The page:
To help offset the cost of operating a rental property, landlords can claim capital cost allowance on certain buildings and property. The Canada Revenue Agency divides depreciable property into different classes you can claim. Make sure your rental property meets all the conditions before claiming the allowance on your tax return.
Land and Buildings
Do not claim land as a depreciable property. When you purchase a rental property, only include the building’s cost on Form T776, Statement of Real Estate Rentals. A building may be considered class 1, 3, 6, 31 or 32. It depends on what the building is constructed of and the date of purchase.
If you purchase a condo, it is part of the same building class. For example, if you are the owner of a condo in a class 1 building, your individual unit is also class 1. Interpretation Bulletin IT-304, Condominiums, has information condo owners may find helpful on classifying their unit.
Leasehold interest is any interest you receive from your tenant as a landlord. If you are receiving leasehold interest, include it as a depreciable property in class 1, 3, 6 or 13. If you purchased the property before 1988, include it in class 3, 6 or 13. From time-to-time, you may have to split the capital cost into more than one class. When selling your property, do not forget to deduct the undepreciated capital cost.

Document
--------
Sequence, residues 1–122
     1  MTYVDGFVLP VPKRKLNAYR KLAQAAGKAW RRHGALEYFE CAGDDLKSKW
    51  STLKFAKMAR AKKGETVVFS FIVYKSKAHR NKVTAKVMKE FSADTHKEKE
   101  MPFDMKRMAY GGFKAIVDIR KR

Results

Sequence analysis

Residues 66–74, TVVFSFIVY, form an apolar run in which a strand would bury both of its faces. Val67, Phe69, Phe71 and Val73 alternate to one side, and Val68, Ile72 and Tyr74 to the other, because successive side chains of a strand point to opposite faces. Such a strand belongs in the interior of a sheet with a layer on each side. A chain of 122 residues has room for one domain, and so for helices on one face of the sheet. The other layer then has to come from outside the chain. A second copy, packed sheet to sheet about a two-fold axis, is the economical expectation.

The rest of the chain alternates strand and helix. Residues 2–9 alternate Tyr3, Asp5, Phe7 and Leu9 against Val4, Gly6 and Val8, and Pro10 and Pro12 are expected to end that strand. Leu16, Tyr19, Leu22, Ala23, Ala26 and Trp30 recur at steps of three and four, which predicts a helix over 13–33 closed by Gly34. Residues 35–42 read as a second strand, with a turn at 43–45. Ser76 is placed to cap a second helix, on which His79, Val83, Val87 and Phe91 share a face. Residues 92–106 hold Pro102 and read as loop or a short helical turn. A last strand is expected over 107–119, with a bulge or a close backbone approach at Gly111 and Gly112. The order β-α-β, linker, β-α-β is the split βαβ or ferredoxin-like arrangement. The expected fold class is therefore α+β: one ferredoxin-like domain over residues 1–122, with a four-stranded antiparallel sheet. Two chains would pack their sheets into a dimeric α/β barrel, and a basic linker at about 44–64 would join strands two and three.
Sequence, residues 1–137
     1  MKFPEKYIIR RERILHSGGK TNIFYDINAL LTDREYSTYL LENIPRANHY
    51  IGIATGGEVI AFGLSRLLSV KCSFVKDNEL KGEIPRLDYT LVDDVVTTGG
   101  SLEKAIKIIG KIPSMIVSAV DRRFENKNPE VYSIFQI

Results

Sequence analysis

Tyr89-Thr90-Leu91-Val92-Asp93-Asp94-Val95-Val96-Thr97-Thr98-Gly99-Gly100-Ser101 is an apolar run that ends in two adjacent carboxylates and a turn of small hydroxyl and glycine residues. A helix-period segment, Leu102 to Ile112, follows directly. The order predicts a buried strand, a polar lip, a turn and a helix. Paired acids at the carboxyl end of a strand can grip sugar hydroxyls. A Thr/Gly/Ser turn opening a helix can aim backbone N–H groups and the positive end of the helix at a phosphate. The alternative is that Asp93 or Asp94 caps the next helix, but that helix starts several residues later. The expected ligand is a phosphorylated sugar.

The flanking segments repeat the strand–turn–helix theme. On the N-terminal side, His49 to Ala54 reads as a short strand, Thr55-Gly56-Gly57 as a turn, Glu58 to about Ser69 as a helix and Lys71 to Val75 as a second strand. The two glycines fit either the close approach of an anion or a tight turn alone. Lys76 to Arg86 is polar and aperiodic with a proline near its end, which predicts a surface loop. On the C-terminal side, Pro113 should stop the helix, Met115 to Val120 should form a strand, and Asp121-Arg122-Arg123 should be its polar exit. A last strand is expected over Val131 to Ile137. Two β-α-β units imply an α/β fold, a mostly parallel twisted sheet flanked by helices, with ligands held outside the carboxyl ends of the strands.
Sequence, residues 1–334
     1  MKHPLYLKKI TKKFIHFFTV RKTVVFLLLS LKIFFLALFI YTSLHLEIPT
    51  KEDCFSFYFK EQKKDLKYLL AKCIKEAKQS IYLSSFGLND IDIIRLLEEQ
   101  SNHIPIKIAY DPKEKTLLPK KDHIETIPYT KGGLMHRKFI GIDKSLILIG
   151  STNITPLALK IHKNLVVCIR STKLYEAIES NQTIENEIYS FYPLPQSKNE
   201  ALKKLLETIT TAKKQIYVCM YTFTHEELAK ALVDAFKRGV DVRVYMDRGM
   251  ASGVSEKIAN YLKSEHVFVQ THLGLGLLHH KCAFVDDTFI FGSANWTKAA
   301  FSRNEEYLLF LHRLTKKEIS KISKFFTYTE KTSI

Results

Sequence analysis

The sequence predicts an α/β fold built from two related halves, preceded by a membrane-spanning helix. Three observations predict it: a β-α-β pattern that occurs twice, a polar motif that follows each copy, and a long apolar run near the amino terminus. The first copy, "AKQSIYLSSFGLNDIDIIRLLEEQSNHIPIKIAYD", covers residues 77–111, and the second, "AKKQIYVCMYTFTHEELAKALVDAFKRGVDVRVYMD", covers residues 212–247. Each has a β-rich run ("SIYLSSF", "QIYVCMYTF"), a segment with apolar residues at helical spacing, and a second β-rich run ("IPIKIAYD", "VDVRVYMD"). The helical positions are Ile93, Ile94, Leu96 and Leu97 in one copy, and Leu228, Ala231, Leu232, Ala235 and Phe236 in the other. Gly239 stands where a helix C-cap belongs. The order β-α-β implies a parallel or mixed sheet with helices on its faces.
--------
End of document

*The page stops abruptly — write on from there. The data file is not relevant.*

Class 13 is the capital cost of a leasehold interest. You can claim the following:
- Money spent by your tenant on capital improvements or alterations to your leased property. Do not deduct improvements and alterations that are part of the building or structure.
- Money spent by your tenant to obtain or renew the lease or sublease, including any amount paid to sublease your property.
Amounts you do not claim include:
- When your tenant pays to cancel the lease.
- When your tenant pays an amount in place of rent.
Review Interpretation Bulletin IT-464, Capital Cost Allowance – Leasehold Interests for further details.
Class 31 and Class 32
Included in class 31 and class 32 are multiple unit residential buildings. MURB receive certification by the Canada Mortgage and Housing Corporation and meet the following conditions:
- The building must be in Canada.
- The building has at least two units.
- The building provides its tenants with a permanent residence.
The units in a building that qualifies as a class 31 or class 32 MURB are also classified as class 31 or class 32. For a building to be classified as class 31, it must have been purchased between 1979 and June 18, 1987. For a building to be classified as class 32, it must have been purchased before 1980.